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60 Cards in this Set

  • Front
  • Back
pyruvate has three complexes what are its complexes?
• αKG dehydrogense
• Branched chain dehydrogense
• PDH complex
pyruvate has three complexes what are its cofactors?
lipoic acid
coenzyme A
TPP: what does it do? vitamin?
vitamin B1 (thiamine)
Iipoic acid: vitamin, function
Accepts Acetyl group
lipoic acid (B4)
function of Coenzyme A? vitamin?
Final acceptor =>AcCoA
Panthenoic acid (B5)
NAD: what does it oxidize? end product? vitamin?
oxidizes FADH2 => NADH
Niacin (B3)
FAD: what does it oxidizes? what is the end product?
oxidizes Lipoic Acid => FADH2 Riboflavin(B2)
5 fates of pyruvate
1) Lactate
2) Alanine
3) Acetate
4) OAA
5) Acetyl CoA
Lactate: aerobic/anaerobic? what does it use? NADH =>?
• Anaerobic
• Uses LDH
• NADH => NAD+
Alanine: aerobic/anaerobic, when is it formed?, what transaminase does it use?, when is it increased?
• Anaerobic, formed due protection from overproduction of lactic-acid
• Uses ALT
• increases during exercise leaks"into-blood
Acetate: ethanol=>?, NAD+=>, enzyme
Ethanol => Acetaldehyde
Alcohol dehydrogenase
Acetaldehyde⇨Acetate: NAD+, enzyme, what drug block this enzyme and what does it lead to?
Acetaldehyde dehydrogenase
• Disulfuam and Metronidazole inhibit this enzyme⇨ Acetaldehyde⇨N /V
Macrosteatosis: (4), how do alcoholics get heart failure?
• large fat droplets
• Atherosclerosis
• High Ketone
• Acetone smell
• Acidosis⇨GABA connection⇨heartfailure
• Reye's syndrome
• Acetaminophen
• Pregnancy
Alcoholics pathogenesis of fatty liver
• High NADH; body thinks you're in a high energy state
• Inhibits gluconeogenesis, causing hypoglycemia
• Then use fat, leading to hyperlipidemia/fatty liver
Alcoholics: tx
• Tx: thiamine +Glucose (to prevent lactic acidosis)
• Thiamine deficient alcoholics: have even less AcCoA ⇨ more lactic acid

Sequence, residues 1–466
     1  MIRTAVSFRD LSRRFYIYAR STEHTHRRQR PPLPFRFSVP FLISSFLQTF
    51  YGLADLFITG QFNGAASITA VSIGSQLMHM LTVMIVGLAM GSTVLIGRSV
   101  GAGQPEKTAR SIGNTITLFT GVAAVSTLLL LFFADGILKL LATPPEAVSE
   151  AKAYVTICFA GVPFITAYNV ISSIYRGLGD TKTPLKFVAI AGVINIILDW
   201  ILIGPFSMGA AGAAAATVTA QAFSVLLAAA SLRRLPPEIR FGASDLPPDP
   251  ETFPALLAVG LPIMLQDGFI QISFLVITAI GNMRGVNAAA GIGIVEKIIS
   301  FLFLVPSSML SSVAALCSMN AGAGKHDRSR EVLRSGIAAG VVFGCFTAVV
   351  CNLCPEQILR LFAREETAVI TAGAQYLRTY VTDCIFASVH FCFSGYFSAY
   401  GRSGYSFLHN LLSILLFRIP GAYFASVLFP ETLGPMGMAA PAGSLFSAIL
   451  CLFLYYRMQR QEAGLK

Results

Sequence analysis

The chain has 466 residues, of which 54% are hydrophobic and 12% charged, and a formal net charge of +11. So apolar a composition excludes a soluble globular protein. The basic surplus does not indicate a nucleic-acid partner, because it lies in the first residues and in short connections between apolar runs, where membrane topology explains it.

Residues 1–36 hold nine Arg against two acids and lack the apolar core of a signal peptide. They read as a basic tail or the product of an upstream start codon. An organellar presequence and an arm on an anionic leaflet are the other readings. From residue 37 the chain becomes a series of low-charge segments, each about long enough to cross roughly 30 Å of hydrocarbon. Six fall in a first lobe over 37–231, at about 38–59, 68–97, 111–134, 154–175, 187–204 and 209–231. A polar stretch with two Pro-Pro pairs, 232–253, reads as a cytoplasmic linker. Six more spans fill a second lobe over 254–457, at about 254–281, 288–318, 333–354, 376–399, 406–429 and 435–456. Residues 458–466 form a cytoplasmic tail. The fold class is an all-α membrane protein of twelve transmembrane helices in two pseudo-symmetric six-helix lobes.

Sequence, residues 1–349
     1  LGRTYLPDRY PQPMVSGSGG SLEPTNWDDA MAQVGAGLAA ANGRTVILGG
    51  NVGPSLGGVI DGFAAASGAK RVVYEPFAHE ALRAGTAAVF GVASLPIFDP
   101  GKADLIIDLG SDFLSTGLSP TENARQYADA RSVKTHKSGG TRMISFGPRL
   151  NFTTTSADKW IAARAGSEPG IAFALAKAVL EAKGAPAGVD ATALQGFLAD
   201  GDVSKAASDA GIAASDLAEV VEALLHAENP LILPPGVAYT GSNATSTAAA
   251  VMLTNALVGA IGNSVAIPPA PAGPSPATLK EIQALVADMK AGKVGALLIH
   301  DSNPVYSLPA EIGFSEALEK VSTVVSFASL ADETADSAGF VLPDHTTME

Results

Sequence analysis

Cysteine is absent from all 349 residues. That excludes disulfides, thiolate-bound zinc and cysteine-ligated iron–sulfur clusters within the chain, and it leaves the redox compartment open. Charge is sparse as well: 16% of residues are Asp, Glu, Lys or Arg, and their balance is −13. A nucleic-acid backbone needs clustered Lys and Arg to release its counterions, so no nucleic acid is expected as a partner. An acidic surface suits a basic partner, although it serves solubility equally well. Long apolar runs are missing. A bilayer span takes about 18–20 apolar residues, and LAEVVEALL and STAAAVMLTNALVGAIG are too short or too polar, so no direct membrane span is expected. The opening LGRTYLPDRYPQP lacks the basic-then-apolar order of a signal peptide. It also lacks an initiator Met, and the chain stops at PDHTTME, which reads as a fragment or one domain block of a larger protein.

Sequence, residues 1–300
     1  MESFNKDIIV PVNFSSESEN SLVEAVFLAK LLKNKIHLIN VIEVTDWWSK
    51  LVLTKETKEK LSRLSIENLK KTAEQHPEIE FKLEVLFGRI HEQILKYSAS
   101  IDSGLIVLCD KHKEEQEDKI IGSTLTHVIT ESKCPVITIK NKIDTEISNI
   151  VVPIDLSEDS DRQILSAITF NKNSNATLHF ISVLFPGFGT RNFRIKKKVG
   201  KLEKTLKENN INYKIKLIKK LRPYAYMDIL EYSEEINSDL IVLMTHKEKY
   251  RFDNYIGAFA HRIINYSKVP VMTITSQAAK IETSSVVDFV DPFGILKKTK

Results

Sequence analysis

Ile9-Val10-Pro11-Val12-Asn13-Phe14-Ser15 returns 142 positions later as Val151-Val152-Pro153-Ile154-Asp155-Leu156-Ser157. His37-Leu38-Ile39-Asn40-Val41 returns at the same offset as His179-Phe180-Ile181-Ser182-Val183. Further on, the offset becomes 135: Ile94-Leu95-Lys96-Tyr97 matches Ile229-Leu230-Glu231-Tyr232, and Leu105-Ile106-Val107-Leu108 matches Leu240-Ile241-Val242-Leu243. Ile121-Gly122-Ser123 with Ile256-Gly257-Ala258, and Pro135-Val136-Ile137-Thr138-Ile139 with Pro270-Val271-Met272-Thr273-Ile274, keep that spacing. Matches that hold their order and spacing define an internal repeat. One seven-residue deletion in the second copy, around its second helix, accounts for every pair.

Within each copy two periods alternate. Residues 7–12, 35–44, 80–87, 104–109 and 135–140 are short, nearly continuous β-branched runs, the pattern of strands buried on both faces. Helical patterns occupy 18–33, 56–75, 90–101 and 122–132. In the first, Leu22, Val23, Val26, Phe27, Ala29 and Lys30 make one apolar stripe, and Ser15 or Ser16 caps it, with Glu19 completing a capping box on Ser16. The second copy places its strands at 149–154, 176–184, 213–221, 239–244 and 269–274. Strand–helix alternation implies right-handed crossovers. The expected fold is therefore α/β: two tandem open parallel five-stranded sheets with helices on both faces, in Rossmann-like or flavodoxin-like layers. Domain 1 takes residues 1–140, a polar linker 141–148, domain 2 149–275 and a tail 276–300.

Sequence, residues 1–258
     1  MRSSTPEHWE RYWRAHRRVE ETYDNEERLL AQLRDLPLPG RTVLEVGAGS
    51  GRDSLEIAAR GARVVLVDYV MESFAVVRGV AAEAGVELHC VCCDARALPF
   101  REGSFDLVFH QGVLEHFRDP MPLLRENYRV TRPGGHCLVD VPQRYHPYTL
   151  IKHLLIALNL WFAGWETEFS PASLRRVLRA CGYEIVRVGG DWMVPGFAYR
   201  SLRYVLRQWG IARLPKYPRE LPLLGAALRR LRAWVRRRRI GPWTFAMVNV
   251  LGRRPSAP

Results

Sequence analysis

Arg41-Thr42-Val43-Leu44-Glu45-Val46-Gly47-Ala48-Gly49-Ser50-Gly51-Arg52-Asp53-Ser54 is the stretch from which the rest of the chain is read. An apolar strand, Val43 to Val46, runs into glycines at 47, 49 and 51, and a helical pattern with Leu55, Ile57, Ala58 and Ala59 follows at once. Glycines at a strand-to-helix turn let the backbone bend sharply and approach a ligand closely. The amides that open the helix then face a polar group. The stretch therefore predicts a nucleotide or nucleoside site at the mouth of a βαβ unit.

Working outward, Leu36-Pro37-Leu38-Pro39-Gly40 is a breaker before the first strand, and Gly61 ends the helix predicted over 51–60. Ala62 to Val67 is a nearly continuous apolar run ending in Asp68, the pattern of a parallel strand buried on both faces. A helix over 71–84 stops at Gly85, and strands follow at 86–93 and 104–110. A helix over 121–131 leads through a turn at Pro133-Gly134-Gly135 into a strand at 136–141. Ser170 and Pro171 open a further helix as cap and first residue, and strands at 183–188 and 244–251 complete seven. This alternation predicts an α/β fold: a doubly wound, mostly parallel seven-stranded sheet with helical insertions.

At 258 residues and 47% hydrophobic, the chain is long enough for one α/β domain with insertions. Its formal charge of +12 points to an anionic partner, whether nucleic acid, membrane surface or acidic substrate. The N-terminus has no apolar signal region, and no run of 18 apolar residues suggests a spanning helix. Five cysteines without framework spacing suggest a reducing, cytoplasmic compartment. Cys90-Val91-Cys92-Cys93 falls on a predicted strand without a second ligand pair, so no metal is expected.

OAA: enzyme, cofactor, describe
• Anapleuritic
• Pyruvate Carboxylase
• Cofactor: Biotin
Acetyl CoA: when does it work, function, uses what enzyme and NAD =>
• If 02 is present
• removes CO2
• Uses Pyruvate Dehydrogenase
Pyruvate Dehydrogenase:
structure, # of proteins,steps and cofactors
• Quaternary
• Three proteins
• Five steps
• Five cofactors
• Five vitamins
Pyruvate Dehydrogenase:
• Allosteric Activator:
• Allosteric Inhibitor:
• Rate limiting enzyme for
• rxn
• Allosteric Activator: pyruvate
• Allosteric Inhibitor: Acetyl CoA
• Rate limiting enzyme for Krebs cycle
4 fates of acetyl CoA
kreb cycle
Acetyl CoA ⇨ FA
acetyl CoA decarboxylate
Acetyl CoA ⇨ ketones
HMG coA synthase
Acetyl CoA ⇨ cholesterol
HMG CoA reductase
Acetyl CoA ⇨ kreb cycle
isocitrate dehydrogenase
Kreb Cycle Components:
"Cindy Is Kinky, So She Forniates More Often"
• Isocitrate
• αKG
• Succinyl CoA
• Succinate
• Fumarate
• Malonate
inhibits what enzyme
inhibits PFK-1
rxn involved in
Succinyl CoA
make what and how
-uses odd-chain FA, makes ringed structures (Ex: heme)
what pathway it uses it?
FA synthesis; ketogenesis
Isocitrate Dehydrogenase
rate limiting enzyme
Succinate Dehydrogenase: location, another name and energy it makes
attached to mitochondria wall, ETC II (FADH2)
TCA Substrates: Pyruvate
Gly, Ala, Ser "Elastase victims"
TCA Substrates: Acetyl-CoA